NAD celebrated its 40th anniversary in 2012 and from the looks of it, the vaunted audio manufacturer that was created by a group of distributors in 1972 has no plans to simply sit back and bask in the glory of that impressive milestone. NAD has never been a showy manufacturer; its press events and product demonstrations have always been low key and focused on the product with an emphasis on providing strong support for its dealers.
NAD has always trumpeted the importance of performance, simplicity, and value – a mantra that applies to its sibling, PSB loudspeakers, as well. It’s actually difficult to find a single stinker in their product line-up, but even the folks at NAD will admit that the market has changed and the time had come to rethink their approach to attracting the next generation of customers.
Greg Stidsen, Lenbrook’s Director of Technology and Product Planning, acknowledged that reality during a private product briefing with Digital Trends in New York.
“We’re dealing with a different type of customer in 2013,” remarked Stidsen.
“We still have the audiophile customer who is obsessed over every last detail of sound reproduction and they like what we’re doing with our Master Series components, but even that market isn’t what it used to be,” Stidsen explained.
“The industry is now dealing with something called the ‘digital native’. An individual that has grown up in the era of digital downloads and music streaming services and it’s even possible that they have never even purchased a compact disc. This type of customer has possibly never even used a turntable, and we came to the realization that in order to attract these individuals who rely on a pair of headphones and a smart device for their music, we had to build something completely different. We had to build on our expertise and look at the technology that we already had and see if it could trickle down into forward-thinking products at price points that would have mass appeal.”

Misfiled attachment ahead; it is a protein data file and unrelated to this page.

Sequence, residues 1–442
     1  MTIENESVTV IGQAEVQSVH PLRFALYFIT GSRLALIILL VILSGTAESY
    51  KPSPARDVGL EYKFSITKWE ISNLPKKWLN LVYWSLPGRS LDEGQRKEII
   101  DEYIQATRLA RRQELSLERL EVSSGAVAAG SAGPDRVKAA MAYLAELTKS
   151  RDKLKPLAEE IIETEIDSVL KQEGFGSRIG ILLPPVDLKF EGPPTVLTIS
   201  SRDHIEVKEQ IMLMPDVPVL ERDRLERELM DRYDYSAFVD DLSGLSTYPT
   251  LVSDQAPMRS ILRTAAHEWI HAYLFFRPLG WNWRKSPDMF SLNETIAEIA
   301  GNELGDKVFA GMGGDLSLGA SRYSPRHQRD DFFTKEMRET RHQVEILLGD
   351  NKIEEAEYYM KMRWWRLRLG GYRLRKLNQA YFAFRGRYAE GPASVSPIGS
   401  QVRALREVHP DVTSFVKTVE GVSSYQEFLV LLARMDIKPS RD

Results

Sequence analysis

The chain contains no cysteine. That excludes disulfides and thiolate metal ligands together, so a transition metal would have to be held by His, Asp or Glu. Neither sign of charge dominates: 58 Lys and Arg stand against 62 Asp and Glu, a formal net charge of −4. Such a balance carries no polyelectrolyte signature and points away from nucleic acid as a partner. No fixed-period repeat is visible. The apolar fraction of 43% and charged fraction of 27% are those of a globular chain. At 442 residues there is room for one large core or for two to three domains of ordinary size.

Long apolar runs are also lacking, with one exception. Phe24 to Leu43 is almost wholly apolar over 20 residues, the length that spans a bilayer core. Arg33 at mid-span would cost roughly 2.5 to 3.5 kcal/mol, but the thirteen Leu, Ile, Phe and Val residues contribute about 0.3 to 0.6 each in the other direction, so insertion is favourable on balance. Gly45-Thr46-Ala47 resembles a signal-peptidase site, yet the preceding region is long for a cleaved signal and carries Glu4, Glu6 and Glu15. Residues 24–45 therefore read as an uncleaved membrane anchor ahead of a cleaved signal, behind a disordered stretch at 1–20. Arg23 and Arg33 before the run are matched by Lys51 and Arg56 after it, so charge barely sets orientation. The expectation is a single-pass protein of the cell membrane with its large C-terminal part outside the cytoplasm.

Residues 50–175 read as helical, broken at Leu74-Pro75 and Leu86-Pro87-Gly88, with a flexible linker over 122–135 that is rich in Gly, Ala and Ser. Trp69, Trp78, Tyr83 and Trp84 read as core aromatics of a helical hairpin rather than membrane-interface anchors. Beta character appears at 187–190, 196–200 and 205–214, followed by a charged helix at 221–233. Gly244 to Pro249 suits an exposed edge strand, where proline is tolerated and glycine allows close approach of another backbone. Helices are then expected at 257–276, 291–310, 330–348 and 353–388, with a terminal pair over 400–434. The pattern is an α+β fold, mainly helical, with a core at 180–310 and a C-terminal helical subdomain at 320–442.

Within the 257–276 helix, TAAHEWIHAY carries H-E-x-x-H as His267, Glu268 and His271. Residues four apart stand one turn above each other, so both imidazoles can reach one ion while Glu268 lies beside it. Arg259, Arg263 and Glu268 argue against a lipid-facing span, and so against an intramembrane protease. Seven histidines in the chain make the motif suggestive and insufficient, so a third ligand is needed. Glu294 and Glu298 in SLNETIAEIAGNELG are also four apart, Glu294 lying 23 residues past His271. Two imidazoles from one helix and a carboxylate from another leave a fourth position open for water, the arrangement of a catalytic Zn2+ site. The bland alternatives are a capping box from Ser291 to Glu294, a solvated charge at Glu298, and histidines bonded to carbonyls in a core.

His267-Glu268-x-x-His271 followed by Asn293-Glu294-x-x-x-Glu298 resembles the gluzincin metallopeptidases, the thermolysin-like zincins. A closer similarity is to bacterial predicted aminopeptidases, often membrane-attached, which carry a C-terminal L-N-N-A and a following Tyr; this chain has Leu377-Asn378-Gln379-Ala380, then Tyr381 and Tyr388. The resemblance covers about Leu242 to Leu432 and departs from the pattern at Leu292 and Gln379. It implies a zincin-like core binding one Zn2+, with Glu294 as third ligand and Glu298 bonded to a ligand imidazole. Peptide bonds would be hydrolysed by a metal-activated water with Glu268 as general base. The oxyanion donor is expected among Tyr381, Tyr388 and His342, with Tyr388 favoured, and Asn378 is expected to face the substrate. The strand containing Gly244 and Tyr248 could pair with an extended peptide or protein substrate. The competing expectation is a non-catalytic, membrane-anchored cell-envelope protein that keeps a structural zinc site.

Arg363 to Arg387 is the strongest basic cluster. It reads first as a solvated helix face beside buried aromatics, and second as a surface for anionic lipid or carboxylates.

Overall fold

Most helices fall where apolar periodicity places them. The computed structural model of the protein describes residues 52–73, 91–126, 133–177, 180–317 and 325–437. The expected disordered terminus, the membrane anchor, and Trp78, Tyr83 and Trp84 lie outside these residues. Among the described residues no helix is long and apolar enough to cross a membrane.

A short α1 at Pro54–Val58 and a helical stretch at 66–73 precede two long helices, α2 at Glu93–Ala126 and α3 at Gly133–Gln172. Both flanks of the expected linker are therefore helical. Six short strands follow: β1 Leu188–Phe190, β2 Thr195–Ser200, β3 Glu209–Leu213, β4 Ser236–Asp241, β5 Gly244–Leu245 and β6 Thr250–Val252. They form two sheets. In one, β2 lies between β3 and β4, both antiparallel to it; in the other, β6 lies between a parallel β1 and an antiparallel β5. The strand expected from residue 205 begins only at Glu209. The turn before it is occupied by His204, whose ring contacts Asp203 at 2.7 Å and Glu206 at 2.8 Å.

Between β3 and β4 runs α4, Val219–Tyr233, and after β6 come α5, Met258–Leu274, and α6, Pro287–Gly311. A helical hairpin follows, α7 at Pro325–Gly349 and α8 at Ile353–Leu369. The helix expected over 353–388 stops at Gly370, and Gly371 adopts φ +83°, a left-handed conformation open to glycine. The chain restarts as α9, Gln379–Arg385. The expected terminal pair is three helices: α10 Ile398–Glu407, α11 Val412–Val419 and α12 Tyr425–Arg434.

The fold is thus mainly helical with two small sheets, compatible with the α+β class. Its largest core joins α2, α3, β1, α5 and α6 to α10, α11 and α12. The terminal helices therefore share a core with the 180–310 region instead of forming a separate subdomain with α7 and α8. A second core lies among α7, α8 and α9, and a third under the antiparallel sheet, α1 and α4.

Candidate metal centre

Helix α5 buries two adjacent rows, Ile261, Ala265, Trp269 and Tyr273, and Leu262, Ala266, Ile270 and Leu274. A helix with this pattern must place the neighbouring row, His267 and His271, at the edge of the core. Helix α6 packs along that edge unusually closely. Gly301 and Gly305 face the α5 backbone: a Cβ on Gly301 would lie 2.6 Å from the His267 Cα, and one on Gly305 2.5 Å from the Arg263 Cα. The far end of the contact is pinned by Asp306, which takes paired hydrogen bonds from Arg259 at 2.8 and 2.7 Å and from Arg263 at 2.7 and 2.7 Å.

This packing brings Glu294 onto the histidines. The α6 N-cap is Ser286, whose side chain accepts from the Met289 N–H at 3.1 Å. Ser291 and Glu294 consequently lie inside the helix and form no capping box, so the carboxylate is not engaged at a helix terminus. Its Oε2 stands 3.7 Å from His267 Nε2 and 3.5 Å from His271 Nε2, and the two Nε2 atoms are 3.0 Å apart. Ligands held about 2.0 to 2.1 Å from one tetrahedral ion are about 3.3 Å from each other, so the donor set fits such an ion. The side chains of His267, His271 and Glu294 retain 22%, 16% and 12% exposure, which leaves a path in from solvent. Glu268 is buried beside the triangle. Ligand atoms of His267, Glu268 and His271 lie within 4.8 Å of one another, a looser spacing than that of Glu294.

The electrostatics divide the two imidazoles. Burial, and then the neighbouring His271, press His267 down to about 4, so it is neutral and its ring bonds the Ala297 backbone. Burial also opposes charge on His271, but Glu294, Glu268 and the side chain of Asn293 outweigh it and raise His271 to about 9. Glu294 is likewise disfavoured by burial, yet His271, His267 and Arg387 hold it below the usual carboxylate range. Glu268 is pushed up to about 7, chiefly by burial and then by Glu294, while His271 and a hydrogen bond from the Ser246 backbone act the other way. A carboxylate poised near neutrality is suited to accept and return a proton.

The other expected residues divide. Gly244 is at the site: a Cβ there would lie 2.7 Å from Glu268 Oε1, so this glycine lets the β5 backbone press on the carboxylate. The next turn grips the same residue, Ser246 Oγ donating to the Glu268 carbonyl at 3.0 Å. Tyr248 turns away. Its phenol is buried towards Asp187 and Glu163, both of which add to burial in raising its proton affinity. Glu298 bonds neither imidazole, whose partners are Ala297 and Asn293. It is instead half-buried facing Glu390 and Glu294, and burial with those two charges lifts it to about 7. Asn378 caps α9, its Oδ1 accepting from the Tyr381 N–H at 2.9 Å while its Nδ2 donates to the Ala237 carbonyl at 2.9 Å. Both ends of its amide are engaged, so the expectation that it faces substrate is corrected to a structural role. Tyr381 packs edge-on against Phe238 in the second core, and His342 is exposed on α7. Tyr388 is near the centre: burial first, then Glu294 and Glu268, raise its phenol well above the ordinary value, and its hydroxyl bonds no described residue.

With that new-found focus on the “digital native,” NAD invited us to take a first look at its new Digital Classic series of components which includes the D 3020 Hybrid Digital Amplifier ($500), D 1050 24/192 USB DAC/Headphone Amplifier ($500), and flagship D 7050 Network Receiver ($1,000).
We’ve taken a separate look at the D 3020 and think it offers a lot of performance for $500. It doesn’t come with every feature that we think it needs to be a giant killer in the category, but the sound quality might convince consumers that it’s well worth the leap of faith.
Where things get really interesting is with the D 7050 Network Receiver. The D 7050 combines NAD’s most advanced digital platform, the Direct Digital technology first introduced in the company’s $6,000 award-winning Masters Series M2 amplifier with Apple’s AirPlay streaming technology to create the ultimate plug ’n play solution for wireless music in the home.
In addition to AirPlay, the D 7050 can also stream any UPnP audio content on a home network. If no network is available, it can also stream directly from a smartphone or laptop using the latest Bluetooth high fidelity codec, aptX. Users can also play via a wired connection from a computer or USB Drive.
The D 7050 also includes a dedicated headphone amplifier, 24/192 asynchronous USB DAC, and support for Internet Radio, and Wi-Fi. While it is only rated at 50 watts per channel into 8 ohms, our listening session confirmed that it has far more power under the hood than the numbers would suggest. NAD confirmed that the D 7050 doubles its output into 4 ohms and has the ability to drive far more demanding loads if required. The D 7050 even remained cool after being driven hard for a few minutes.
Aside from its USB input, the D 7050 includes four additional digital inputs (2 optical, 2 coaxial), and a dedicated subwoofer output.
A remote control is included with the D 7050 and D 3020, and NAD is currently putting the finishing touches on a remote app for both iOS and Android-based devices that will be available when the products go on sale in early July.
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